Points on your licence?
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Penalty points explained

Penalty points (or 'endorsements') are placed on your licence if you commit a driving offence. They can affect your car insurance premiums, and if the add up within a certain period, you can be disqualified from driving. 

We'll go over exactly how points are acquired, how long they last, and how to get rid of them, in this guide.

In This Guide:

What are penalty points?

You are assigned penalty points if you are convicted of a driving offence. There are a whole host of things that you can get penalty points for, but the general rule is that the more serious your offence, the more points you will get. If you get too many in a certain period, you can be disqualified from driving completely.

Here are some examples of the kinds of offences that can cause you to have penalty points assigned, and the rough number of points you may be awarded for being convicted of each:

  • Speeding: 6-8
  • Driving under the influence: 3-11
  • Driving without insurance: 6-8
  • Failure to stop after an accident: 5-10
  • Dangerous driving: 3-11
  • Using a mobile phone while driving: 3-6

Driving a vehicle with defects: 3

  • Careless driving: 3-6
  • Driving while disqualified: 6
  • Causing death or serious injury by driving while disqualified: 3-11

When the points have expired, you can only get them removed from your licence by applying to the DVLA. You can check your points on the gov.uk website, you’ll need your national insurance number and your driving licence number.

How long do points stay on your license?

Penalty points remain 'valid' for a set period (usually three or ten years), which means they are active on your licence, and any more points you receive during that period will add to the total. They then remain on your licence for one further year, during which time a judge might take them into account if you commit a driving offense, but they don't tally up.

The amount of time that points remain valid for depends on the offence for which you earned them.

Most offenses will earn you points that remain on your license for four years (valid for three), including:

  • Failing to stop after an accident
  • Driving while disqualified
  • Careless driving (that does not cause death)
  • Construction and use offenses (e.g. driving with defective breaks or lights)

More serious offenses will earn points that remain for 11 years (valid for ten), including:

  • Careless driving that causes death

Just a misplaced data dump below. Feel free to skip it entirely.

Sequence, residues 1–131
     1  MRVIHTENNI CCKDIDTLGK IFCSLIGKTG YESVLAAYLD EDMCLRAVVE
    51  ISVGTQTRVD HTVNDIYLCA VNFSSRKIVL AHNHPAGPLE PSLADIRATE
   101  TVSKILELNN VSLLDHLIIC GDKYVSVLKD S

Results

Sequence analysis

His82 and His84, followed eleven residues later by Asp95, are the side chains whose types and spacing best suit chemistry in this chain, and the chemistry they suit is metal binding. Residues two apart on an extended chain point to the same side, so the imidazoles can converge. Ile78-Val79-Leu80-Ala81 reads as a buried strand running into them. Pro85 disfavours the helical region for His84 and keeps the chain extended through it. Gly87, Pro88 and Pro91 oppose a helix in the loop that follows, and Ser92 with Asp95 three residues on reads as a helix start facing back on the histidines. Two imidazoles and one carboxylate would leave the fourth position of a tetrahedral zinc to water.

• Drink or drug driving

For a full list of offences and the points they carry, visit gov.uk.


You will be disqualified from driving if you are assigned more than 12 points over a 3-year period. This will mean you cannot drive for a certain length of time. The courts will decide how long this period lasts, but as a rough guide you could be banned for:

  • 6 months if you rack up 12 or more points in 3 years.
  • 1 year if you the disqualification is your second in a 3-year period.
  • 2 years if it’s your third disqualification.

And you can’t go straight back to driving either. Provided your disqualification was more than 56 days (and it usually is), you’ll have to go through the process and cost of re-taking your driving test and securing a new driving licence.

It’s even more strict for new drivers. If you are still in your probationary period (2 years from the date you pass your driving test), you have a limit of 6 points. If you are assigned 6 or more points in these 2 years, you will have your licence taken away. You will have to start from the beginning by applying for a provisional licence and taking both your theory and practical driving test. Any points on your provisional licence carry over to your full licence after you pass your test.

How to avoid getting penalty points

The most common way of getting penalty points is from speeding. The standard result of a speeding conviction is a £60 fine and 3 points on your driving licence.

If you don’t want these points, they can be avoided by attending a Speed Awareness Workshop (SAW). This course costs anywhere between £60 and £100 and will take half a day of your time, but it does prevent both the fine and the points.

This option is only available if it is your first or only speeding conviction within the last 3 years, and only for drivers whose convictions are less serious. If you were breaking the speed limit by over a certain amount, you may incur a larger fine and may be assigned more points.

Penalty points and car insurance

Another drawback to penalty points is the effect they can have on your car insurance. You are obliged to let your provider know about your conviction. Your premiums will almost certainly get more expensive, and if you are uninsured or starting again after a disqualification, you may struggle to find a provider willing to cover you at all.

If your conviction was for speeding and you chose to attend a Speed Awareness Workshop, your insurance premiums may still increase, but it’s likely that they will not increase as much as if you had chosen to accept the assignment of points on your licence.

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